Why Spend More On Hifi When Some Music Is Poorly Recorded?

I would agree there was a net positive when I added my 500DR. But my point of opening this thread was to explore if there is a point in the upgrade path where that net positive diminishes so much as to make further upgrades of little (limited) value, due to the limitations of the recording/mixing/mastering quality of the music material you listen to most.

Undoubtedly, but new speakers will have to wait for me to move, as I will need to match them with my new listening space.

My current speakers are however sufficiently resolving to allow me to hear the incredible uplift in SQ and appreciation of music on well recorded material, but also they allow me to hear the occasional travesty of a poor recording.

Same but different is the thought I carry with me on the upgrade path. At what point does the music get lost and all I hear is the clinical separation of sounds. I haven’t reached that point yet but as I seek my best streaming/ dac solution I wonder if I will tip over in to not enjoying an ‘improvement’.
Re the poor recording I find Paul Weller records the worst that I have for ‘over recording’ probably because I have always played them a lot and notice the blousy sound more now. On the other hand I have some Louis Armstrong mono stuff recorded way back in front of a live club audience, complete with pops and crackles on the vinyl, that have the sweetest of recording values.

Yes, we must never say what we think in life, especially when we are being (constructively) critical.

One must preface the critique with lavish praise.

(Akai entry level vintage cassette decks are wonderful instruments of musical reproduction, but…)

Then mute the critique with vagueness and exaggerated understatement.

(Akai entry level vintage cassette decks may have a nuance of less than perfect fibrillation in the upper-mids in certain untreated rooms during a Blood Moon in the Southern Hemisphere.)

Then back-pedal, apologize and relativize the critique.

(Everything I just said is a reflection of my cloth ears and is only the one view and your mileage may vary without being less true than my mileage, especially in relation to Akai entry level vintage cassette decks.)


p.s. I am a great admirer of Akai vintage cassette decks, especially the CS F11.


Oh gawd, I now fear an avalanche of ancient cassette decks here.

Ooohh…look at my Nakamichi!


Yet the Jam stuff was well produced. Take “Funeral Pyre” on 7"single for example.

1 Like

Never meant it that way, JimDog and I’m sorry if you felt I meant otherwise.

Am as is.

Thanks Nigel, I appreciate you.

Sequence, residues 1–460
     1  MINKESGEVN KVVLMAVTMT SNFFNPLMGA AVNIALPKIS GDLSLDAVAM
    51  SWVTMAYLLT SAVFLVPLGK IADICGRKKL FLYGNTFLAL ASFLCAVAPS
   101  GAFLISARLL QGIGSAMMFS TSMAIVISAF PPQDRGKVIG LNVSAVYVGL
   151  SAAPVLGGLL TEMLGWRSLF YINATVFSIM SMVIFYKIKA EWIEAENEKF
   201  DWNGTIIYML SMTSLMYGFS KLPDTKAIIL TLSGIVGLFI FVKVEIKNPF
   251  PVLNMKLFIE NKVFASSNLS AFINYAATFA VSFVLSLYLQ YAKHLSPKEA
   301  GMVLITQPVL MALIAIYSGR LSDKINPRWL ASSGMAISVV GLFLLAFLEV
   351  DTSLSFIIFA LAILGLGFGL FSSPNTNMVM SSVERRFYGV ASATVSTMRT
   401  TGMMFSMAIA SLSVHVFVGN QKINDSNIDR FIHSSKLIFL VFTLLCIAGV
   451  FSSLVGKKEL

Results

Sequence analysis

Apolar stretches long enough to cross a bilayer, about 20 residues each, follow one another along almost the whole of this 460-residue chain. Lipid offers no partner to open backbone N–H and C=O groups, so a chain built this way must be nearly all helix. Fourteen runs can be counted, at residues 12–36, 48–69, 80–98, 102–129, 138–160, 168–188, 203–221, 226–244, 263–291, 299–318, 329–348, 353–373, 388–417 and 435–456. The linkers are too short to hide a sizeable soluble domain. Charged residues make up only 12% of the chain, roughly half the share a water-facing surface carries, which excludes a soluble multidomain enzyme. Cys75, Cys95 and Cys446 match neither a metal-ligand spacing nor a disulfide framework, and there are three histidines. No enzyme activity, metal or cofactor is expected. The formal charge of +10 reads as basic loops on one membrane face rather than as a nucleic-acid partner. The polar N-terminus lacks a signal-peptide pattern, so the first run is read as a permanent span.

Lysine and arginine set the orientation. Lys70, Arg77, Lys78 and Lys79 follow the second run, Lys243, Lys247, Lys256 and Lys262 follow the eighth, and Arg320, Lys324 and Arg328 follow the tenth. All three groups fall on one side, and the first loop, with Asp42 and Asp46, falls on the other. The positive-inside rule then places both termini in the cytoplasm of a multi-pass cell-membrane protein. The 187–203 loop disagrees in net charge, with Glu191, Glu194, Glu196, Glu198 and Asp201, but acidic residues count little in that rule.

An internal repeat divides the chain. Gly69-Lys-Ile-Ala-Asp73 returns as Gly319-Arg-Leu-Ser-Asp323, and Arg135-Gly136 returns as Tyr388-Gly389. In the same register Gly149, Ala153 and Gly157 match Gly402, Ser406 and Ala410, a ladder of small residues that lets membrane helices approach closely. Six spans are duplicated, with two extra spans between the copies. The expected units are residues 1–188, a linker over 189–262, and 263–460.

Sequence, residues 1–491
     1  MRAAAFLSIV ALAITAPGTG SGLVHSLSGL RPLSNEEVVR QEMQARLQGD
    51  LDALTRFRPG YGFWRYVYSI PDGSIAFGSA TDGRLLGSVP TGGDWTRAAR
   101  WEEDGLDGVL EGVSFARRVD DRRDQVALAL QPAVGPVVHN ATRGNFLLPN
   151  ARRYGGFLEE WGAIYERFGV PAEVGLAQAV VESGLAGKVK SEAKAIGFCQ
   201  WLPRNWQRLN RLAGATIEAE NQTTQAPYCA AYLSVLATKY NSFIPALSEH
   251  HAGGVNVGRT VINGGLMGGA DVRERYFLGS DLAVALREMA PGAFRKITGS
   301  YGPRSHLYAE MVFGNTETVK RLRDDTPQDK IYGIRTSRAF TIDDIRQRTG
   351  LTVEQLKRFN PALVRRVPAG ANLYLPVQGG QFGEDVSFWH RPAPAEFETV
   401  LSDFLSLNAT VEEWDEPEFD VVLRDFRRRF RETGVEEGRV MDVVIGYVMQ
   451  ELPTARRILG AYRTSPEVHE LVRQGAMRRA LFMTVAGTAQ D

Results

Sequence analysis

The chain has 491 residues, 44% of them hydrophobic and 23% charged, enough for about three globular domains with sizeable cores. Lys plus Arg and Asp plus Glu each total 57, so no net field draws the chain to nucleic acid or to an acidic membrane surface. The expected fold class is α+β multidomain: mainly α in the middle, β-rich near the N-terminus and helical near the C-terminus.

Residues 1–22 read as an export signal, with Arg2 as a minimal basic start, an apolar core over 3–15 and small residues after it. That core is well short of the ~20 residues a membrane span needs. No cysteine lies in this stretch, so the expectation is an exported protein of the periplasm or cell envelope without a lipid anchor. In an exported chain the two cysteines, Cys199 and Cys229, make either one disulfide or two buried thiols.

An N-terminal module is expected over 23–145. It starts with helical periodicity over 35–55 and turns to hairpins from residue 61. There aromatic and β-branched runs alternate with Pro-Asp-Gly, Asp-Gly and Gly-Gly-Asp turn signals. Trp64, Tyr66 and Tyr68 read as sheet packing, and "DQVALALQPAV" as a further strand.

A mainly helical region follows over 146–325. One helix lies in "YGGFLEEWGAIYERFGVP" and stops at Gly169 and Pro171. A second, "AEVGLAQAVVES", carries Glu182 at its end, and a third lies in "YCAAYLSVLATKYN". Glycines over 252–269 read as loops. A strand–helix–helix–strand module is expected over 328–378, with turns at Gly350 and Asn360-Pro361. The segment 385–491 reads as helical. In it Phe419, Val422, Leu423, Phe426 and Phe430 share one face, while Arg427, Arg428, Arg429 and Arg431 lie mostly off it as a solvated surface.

For me it was the Teacs… was so young then. I like some things old and conservative, even archaic, the likes of a Chrome Bumper Nait, Nancy Wilson, and Miles, and of course the dinosaurs.

1 Like

I had Marantz in the 80s - the ‘champagne silver’ type finish, cassette deck, tuner, amps.

like this:

[Sorry for thread drift.]

Outrageous exploitation of hifi porn, you should be ashamed!


A little porn from the past won’t hurt… :sweat_smile:

Speaking of that champagne gold finish… from Japanese manufacturers … Denon, Sony, Akai, Marantz… they still ooze a certain appeal… all that glitters is lovely gold… I recently saw a colour disc from Wilson Audio in that same finish with subtle pearlies in the paint finish… it was sublime…


1 Like

Seeing those VU’s reminded me - I saw a picture of headphones the other day (modern ones) with a working VU on the outside of the earcup. Go figure…

If Naim ever launched limited edition champagne gold boxes in their present anodised aluminium extrusion cases - yes it’s blasphemy I know - with the premise that these would make poorly recorded music sound even more listenable… assuming they got the tone of champagne gold light and right - ok ok I’m stretching it…! - they might fly off the shelves overseas in the Asian market … I would certainly be interested.

lol… I see it’s not your colour… In Asia, we have a certain fondness for shades of gold. Anyway, sorry for the digress Nigel…

Don’t mind the colour, it is similar to the rose-tinted spectacles we all seem to rock when we look back at our hifi of a bygone year.

In the late 1990s my major upgrade of the day was spanking new Linn Karik 3 and a pair of Martin Logan SL3s. Having previously found some recordings sufficiently crap that they detracted from the enjoyment of the music, I soon found with my new gear that many of them were in fact very competently engineered. Tori Amos’ ‘Little Earthquakes’ in particular sticks in the memory - I blamed the recording for the congested compressed mess I’d been hearing when it was in fact my equipment, and turned out to be really very good indeed!